Option 2 Randomize patients with respect to both questions at the same time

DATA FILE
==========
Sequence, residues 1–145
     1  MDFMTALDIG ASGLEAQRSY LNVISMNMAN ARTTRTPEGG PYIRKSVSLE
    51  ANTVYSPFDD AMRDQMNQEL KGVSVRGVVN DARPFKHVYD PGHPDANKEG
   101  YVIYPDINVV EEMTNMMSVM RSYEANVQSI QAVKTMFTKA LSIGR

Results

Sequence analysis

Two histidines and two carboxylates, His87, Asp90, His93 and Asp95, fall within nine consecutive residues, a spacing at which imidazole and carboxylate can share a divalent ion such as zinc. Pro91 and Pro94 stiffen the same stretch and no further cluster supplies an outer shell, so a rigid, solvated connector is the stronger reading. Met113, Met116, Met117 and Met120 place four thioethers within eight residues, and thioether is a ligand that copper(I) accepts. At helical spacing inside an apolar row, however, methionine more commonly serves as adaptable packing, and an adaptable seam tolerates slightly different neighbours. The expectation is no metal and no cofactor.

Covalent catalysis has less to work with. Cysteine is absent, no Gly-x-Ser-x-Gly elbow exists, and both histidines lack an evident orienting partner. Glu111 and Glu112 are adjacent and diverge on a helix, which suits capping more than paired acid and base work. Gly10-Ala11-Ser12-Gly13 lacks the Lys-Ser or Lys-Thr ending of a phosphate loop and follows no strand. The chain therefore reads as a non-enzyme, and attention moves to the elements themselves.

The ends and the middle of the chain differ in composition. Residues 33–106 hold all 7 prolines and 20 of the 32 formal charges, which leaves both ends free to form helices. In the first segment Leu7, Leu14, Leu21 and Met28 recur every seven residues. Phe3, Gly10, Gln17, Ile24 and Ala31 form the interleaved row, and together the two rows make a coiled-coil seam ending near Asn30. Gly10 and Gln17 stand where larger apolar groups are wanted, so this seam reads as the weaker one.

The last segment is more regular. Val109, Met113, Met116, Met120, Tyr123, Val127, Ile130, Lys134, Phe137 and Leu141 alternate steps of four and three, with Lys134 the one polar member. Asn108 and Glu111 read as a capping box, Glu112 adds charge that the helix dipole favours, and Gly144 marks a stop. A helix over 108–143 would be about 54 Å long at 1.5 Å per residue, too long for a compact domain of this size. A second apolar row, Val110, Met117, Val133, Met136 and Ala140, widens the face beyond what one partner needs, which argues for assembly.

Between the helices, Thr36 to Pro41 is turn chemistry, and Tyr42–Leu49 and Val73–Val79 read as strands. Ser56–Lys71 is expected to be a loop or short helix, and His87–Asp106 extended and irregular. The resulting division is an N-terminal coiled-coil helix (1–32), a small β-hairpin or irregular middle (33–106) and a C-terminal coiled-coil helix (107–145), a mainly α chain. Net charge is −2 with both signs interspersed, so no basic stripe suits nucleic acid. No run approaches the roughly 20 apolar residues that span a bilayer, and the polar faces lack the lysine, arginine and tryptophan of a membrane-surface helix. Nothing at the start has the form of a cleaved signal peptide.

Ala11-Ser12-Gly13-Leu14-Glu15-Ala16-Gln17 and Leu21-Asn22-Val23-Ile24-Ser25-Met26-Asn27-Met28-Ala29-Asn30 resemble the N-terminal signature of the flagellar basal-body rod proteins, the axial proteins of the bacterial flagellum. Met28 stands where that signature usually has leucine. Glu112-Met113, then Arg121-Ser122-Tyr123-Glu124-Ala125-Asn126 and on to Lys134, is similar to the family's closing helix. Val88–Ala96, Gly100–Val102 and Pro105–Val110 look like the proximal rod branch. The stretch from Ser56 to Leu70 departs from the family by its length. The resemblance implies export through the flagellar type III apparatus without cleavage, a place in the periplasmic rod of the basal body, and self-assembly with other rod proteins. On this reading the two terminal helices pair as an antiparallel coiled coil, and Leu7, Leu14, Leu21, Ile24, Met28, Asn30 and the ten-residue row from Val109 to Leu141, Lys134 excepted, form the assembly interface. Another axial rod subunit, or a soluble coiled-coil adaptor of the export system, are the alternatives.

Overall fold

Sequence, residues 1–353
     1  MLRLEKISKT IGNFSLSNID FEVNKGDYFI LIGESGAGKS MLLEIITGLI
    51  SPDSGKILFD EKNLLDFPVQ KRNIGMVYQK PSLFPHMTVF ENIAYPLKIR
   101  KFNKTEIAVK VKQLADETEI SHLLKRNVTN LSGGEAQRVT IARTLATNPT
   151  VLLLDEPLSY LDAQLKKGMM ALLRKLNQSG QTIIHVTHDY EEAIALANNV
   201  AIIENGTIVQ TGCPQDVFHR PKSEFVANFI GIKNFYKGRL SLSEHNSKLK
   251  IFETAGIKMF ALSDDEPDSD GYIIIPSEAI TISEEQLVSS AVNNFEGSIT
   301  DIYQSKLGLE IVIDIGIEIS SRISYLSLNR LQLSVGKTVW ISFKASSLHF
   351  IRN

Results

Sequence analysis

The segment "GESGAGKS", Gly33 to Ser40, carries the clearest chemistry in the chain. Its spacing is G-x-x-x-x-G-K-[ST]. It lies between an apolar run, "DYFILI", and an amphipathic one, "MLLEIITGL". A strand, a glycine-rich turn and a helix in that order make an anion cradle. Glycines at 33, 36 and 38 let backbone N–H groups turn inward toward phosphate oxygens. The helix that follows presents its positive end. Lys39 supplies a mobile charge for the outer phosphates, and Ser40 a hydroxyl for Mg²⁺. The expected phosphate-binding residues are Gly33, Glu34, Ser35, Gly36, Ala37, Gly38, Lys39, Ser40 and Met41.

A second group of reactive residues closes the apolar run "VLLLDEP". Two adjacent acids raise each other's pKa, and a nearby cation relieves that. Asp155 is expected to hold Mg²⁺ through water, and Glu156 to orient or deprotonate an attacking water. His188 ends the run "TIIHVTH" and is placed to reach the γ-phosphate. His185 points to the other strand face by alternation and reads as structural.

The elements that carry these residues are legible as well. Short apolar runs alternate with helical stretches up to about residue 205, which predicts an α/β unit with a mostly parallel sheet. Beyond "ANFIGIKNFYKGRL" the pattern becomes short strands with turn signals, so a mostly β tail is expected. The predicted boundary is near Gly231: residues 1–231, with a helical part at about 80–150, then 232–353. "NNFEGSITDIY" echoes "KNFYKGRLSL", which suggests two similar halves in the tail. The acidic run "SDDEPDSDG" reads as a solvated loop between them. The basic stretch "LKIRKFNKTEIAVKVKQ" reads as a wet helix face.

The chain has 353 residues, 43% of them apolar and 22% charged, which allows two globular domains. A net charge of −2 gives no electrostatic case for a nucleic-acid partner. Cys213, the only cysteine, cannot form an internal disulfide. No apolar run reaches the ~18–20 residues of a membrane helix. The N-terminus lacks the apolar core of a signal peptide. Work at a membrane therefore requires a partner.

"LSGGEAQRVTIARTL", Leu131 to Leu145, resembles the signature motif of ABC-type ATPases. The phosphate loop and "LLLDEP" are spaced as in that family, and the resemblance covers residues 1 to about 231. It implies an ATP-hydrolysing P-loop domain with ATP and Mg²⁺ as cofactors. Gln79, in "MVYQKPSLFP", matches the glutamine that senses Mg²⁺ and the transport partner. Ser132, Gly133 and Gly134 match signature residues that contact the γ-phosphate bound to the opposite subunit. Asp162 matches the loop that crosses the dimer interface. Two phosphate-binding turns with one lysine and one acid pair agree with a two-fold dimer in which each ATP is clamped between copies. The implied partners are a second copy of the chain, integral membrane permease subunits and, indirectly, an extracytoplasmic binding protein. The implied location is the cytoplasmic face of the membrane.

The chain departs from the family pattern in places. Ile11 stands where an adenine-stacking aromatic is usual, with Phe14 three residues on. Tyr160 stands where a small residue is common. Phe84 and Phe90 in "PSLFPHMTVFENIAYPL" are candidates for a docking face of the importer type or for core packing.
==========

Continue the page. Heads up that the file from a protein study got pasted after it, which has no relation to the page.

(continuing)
Here all patients who consent to both randomizations are randomized 'up front' to their chemotherapy regimen and its duration, and so the choice of whether or not to be randomized with respect to duration does not depend on their experience of the initial chemotherapy regimen nor its effectiveness. However, since the question of stopping or continuing is relevant only to those who achieve a response or stable disease (and continuation of the same regimen in the face of progressive disease would not be considered appropriate), it is apparent from the start that a number of patients will not follow their allocated treatment. For example, approximately 50 per cent of patients in all the chemotherapy arms were expected to have progressive disease at three months. Therefore, half of those randomized to continue would in fact have progressive disease, and would not continue. Here then, the major effect could be on the stop versus continue randomization - analysis by intent to treat will mean comparing two groups in which the proportions stopping and continuing may be much more similar than you would like. It would then be necessary to assess the appropriate sample size, which will certainly need to be larger than under option 1 to account for the 'muddying' (the calculation follows the same lines as that described under Zelen randomization in Section 4.3 under assumptions of varying levels of non-compliance). Depending on the proportion of drop-outs, it maybe that the sample size required for the stop versus continue question becomes larger than that for the primary question. On the plus side, it might well be argued that patients randomized upfront and knowing their overall treatment plan may have greater levels of compliance with stopping or continuing (where their response makes this question relevant) than patients given the option of a later randomization.

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